I'm not Emily. I am not a poet or a builder of cathedrals or a lady-in-a-frock. Today, at least. I am not (and I am not proud of this) a person who says YES to life whenever it sends an invitation.

I wish I were sometimes.

And then sometimes I wonder how I could hold any more than I already have, right here.

Especially on a day like today when the green is completely different than it was yesterday and is completely different than it will be tomorrow. I am set here as witness as the light in that green changes from hour to hour, from minute to minute and I notice it, I study it, I bask in its subtle designs, its movement across the yard and trees and flowers.

This planet is already moving so swiftly through time and space that I can barely hold on.
But hold on I will, right here and this is my church today, as it is every day, at the center of what is, for me, my world. I hold on tight and sometimes, no matter how tightly I grasp at it, I feel as if I am being flung into the sky and one day I will be.

Pure energy, pure light, pure rush of something neither lost nor gained and until then, I am so very content to stay here in the light and energy of it all as it rushes on around me, as it travels to who-knows-where, while I stay here.


  1. of course you're not emily dickenson- if you were emily dickenson, you'd be dead and this conversation would be a whole lot stranger....

    be well-


  2. But you ARE a poet and a builder of cathedrals.
    You are.

  3. I think you are just amazing, Ms. Moon. And I love this blog!

  4. Mrs. A- VERY good point, my dear!

    Lisa- Cathedrals of bamboo and banana, perhaps. Love you, sweet woman.

    Nicol- Well, that makes me happy too. You're a precious.

  5. I hate to contradict you, Mary, but you are indeed a poet and a beautiful philosopher as well.....that is profound stuff up there. Furthermore, it makes me feel good whenever I read you words so you might also be considered a healer.

    As for not wanting to leave your little bit of heaven.....I am with you on that! I don't even have one acre much less two, but I have to force myself to leave it for any reason. I sometimes think I am agoraphobic too, but I really do not "fear the marketplace"'s just so much nicer at home.

  6. -fabulous-

    i nod my head a lot as i read these words. i skip so many pleasant events! thank you for writing about life.

    -thee indextronaute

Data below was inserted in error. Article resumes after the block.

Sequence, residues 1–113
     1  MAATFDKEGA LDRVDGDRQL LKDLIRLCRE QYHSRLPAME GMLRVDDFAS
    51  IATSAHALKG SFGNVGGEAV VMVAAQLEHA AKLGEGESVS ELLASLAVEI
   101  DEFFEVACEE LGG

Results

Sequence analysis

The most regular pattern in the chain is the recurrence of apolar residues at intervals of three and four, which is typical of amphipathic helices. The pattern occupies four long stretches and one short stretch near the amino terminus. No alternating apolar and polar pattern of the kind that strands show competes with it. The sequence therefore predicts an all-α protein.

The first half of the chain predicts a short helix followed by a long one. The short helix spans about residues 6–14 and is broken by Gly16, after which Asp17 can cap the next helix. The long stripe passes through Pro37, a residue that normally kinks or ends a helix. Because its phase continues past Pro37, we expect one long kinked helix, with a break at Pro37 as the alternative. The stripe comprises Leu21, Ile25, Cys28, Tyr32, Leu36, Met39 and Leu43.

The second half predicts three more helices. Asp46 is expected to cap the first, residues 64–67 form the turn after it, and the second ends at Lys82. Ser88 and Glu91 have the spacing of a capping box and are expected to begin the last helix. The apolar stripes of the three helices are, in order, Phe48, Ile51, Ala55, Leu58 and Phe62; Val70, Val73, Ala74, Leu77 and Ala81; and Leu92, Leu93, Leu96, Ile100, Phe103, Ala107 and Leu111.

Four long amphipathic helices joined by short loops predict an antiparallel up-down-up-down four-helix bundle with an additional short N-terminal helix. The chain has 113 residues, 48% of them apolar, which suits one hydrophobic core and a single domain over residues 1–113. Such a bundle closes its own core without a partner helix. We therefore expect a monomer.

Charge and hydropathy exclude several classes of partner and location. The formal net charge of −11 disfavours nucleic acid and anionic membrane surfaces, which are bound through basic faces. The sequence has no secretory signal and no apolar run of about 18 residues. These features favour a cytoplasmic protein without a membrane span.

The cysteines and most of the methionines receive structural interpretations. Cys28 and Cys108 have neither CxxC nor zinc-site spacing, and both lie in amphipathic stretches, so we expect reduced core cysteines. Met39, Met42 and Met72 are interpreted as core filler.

7. Sigh.

    I suppose the pleasant events aren't worth it if it takes too much to get to them. Though, I do find myself, the less I go, the harder it is to go. It's easy to atrophy.

    But that's not the point I was going to make.

    My aunt Sue hated to go out, to drive, to deal with life too much. I don't think there's any doubt that she was agorophobic. She loved to sit in the beautiful home she'd made, create beautiful things, watch the world on her computer, on the news, research.

    At her funeral, my sister stood up and said how she'd once asked my mother why Sue was such a recluse(my sister is not a mistress of tact).

    But apparently my mother's answer was that her sister was Hestia, goddess of the hearth and home, and that what she was made to do was to make a beautiful home and be mother in it, that that was her role and her comfort. And it was such a perfect answer.

  8. Such incredibly beautiful words. And your love for your husband is so pure and so true. I love that.

    I am popping over from Angella's blog to say hello. I see your comments over there frequently and I finally decided to say hello!

    Thank you for sharing such a gorgeous picture of your cathedral. Mine is here at the beach. Waves rolling by, pelicans floating on air, and the perfume which wafts by on the breeze. For me, God is here.


  9. i loved this long browsing post through your thoughts and feelings. it was like...a sermon :) without the 'preachin' :)

  10. Lo- That's it! I love my home! There is so much here I love to do- why should I leave it? Thank-you, honey. Thank-you.

    Ms. Indextronaute- Parking! Bras! Clean clothes! Shaving legs! Arrgghhh!

    Jo- I love, love, love that. Hestia. Perhaps we all here are Hestias or her handmaidens. That makes me feel better.
    Your mother was wise.

    Debra W- I am so glad you've come by to visit. I know what you mean about the water and until I moved here, under these ancient trees, it was ALL about the water. Now, I have another place where I feel in awe and am reminded of my tiny time here on earth. Thanks so much for coming by. Please visit again. You are much welcome.

    Maggie May- My sermons could be summed up in: Plant something, water something, love something, cook something. Sleep well.

  11. You're in a very blessed space, in every way.

  12. I was already composing a comment in my mind that you have created a world here on your blog that is necessary for me to read each day and that you have even created your Mr. Moon enough so that I think I know him and love him and then I scrolled down and you claimed that you are not Emily Dickinson, but I'm not so sure. You might BE a sort of Emily Dickinson, Mary Moon. Really.

  13. You know in the very depths of your soul that happiness and peace and love are right where you are.. you don't need to seek it elsewhere.
    Sometimes I feel like that is why al the out there stuff is a bit of an effort. One that I don't always feel like making, even if it ends of blessing me and others.